Robotto for the Nintendo Switch Review
I need to be upfront from the off: I am not a fan of retro games. To be clear, when I say this, I refer to Pong, Pac-Man, Defender and the like. I’m a huge fan of revisiting what are considered older games relative to my age i.e. Final Fantasy VII. I do not, however, find much enjoyment in playing games that graced the arcades before home consoles rose to prominence. I feel this context is required in order to appreciate just how much I enjoyed Robbotto.
The premise of the game is simple and explained through a swift tutorial: move your robot using the joycon, jump using b, power down enemies by electrifying them (y button) and then spray them with a jet stream of water (hold x button.) A relatively simple concept, and when coupled with the retro aesthetic and techno soundtrack, it is clear what the developers were hoping to achieve. An ode to retro arcade games of years gone by, Robbotto serves as a reminder of all that was required to be successful in the early days of gaming.
After starting Robotto for the first time, I reached level 43 before I put it down again. To some, this may be nothing out of the ordinary however for me, this is a stark contrast to the attention span I usually have for games of this nature. The only reason I stopped playing at level 43 is because I had read somewhere that this game offered around 100 levels. It had dawned on me that if I continued in this way the game was going to be over fairly quickly, and I wasn’t quite ready for that – I was having too much fun!
On my way to Level 43, I experienced a large variety of level designs which introduced and built upon new ideas as they progressed. For example, a level may present a new enemy to contend with which then accompanies previous enemies in my future encounters. Each of the 20 enemy robots were easily distinguished through their presentation and I subsequently learnt what specific skill each had. This allowed me, in some of the more challenging levels, the opportunity to strategically decide in what order I would go about powering down the enemies. For example, one enemy repairs the other robots upon interaction with them. If this robot wasn’t taken out first, I could find all my hard work undone very quickly.
An additional element to Robbotto’s level progression is that every tenth level, you encounter something not too dissimilar to boss battles. The level design is altered slightly and the object you are trying to power down has three lives. It reminded me somewhat of boss battles in the Sonic games of old. These were an excellent way to mix it up a little and there was definitely another layer of challenge during these levels.
In true retro style, the game functions using lives or credits (found represented as hearts in the top left-hand corner of the screen.) You receive three lives and each time you use one, you are teleported back to the respawn point. Your progress on the level remains. Once you have used all your lives in a level, you must restart the level and all progress is lost. The number of times you can do this is dependent upon the difficulty level you select: unlimited continues, three continues or no continues – the latter is definitely not one for the casual gamer! I died a lot, and I mean, A LOT! This was all a part of the learning curve as I tried to find a solution to each level: I have zero plans to attempt any difficulty that doesn’t allow me unlimited continues.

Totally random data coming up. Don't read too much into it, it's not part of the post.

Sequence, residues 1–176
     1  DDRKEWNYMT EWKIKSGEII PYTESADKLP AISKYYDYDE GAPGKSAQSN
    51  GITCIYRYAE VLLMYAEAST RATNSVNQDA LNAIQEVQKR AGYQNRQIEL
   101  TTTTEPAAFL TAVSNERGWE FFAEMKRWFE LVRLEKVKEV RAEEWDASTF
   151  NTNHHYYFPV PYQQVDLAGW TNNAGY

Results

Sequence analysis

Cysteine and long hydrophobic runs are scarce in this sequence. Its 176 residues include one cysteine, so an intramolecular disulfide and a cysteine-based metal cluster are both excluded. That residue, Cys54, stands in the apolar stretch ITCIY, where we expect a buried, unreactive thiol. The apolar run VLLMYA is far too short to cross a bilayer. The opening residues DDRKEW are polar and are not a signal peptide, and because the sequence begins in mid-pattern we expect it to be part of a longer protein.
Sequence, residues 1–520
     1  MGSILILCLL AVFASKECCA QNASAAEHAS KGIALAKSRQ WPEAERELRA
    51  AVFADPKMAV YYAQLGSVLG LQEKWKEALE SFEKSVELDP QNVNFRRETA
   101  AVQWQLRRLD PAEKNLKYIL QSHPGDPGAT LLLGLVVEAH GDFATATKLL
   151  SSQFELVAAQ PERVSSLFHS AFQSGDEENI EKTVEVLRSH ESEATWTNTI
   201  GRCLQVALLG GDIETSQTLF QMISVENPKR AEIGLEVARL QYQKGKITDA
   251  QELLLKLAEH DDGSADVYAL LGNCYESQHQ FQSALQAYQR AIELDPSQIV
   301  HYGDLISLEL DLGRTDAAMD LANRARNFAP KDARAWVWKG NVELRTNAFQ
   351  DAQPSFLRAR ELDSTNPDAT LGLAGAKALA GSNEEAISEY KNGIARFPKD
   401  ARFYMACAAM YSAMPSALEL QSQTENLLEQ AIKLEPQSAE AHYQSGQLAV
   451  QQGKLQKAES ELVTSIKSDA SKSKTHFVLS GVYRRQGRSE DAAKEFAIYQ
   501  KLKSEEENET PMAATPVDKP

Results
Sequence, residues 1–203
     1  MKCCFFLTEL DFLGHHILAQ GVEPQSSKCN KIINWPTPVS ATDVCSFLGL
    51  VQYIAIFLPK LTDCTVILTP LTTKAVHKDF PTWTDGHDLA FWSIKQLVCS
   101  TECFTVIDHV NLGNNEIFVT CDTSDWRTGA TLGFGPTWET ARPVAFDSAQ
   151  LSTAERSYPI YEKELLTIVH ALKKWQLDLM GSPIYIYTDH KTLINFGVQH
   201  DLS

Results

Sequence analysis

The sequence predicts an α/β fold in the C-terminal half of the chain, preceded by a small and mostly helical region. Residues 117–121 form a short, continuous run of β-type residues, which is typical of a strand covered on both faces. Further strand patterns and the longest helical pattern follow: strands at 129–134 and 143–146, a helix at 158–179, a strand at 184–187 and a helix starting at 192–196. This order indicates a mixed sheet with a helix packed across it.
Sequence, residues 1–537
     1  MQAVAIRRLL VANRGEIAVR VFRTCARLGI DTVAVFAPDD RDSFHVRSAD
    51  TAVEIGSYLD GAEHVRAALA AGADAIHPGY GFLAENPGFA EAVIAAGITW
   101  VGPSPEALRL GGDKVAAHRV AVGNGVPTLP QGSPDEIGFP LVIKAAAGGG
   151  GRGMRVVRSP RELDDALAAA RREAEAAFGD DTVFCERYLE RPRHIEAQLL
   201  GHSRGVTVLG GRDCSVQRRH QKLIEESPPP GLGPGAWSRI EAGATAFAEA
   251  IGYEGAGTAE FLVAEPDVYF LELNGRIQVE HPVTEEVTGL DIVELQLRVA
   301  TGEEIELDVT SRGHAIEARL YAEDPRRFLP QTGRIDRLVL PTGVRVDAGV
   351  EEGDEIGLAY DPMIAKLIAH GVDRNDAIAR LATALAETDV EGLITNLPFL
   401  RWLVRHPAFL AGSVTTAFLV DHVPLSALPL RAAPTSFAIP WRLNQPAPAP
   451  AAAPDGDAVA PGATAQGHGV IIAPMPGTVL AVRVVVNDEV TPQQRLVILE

Upon completing the single player campaign which is comprised of over 100 levels, you will unlock the additional Boss Rush mode. I won’t spoil the surprise as to what this entails but with so much on offer, playable in either single player or couch co-op, Robbotto definitely packs a punch.
Robbotto has its own achievements section in the main menu, similar to Sony’s trophies, which highlight your successes in the game. It also has a high score ranking system which many games of the arcade era would include. Your score for each level is calculated by providing a time bonus for completing the level as quickly as possible, as well as enemy robots dropping bonus points once the level has been completed. You can collect these before accessing the end of level portal. It is a shame that this leaderboard is not an online one, but a welcome addition all the same.
For all it’s positives, there were a few gripes that I had with the game during my time playing. Namely, the largest and most puzzling of the issues I encountered was that with only one save slot available, if I wanted to start a co-op playthrough with a friend, it wiped my single-player progress. Equally, if I was playing with a friend and then started a new single-player campaign, the same would occur. This seems a rather large oversight in an otherwise extremely well designed game. Another small grievance I had was that it would not automatically save my progress. Manually saving by exiting the game from the menu rather than being able to close the software from the Nintendo dashboard was something I happened to frequently forget to do. Although a fault of my own, an autosave feature wouldn’t go a miss.
In summary, JMJ Interactive have done an excellent job of designing a retro arcade game which is true to the cause. They deserve additional credit for ensuring I didn’t feel as if I was playing a game created some years ago, although it wouldn’t have felt out of place. The developers have managed to fuse retro styling with fantastic game mechanics to produce a game which is challenging, engaging and modern in its approach. My playthrough of Robbotto left me wondering what I may have missed out on in arcades during my childhood years, and hoping it isn’t too late to find out.
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Reviewed by Shaun Hughes on the Nintendo Swith. Provided by JMJ and Terminals.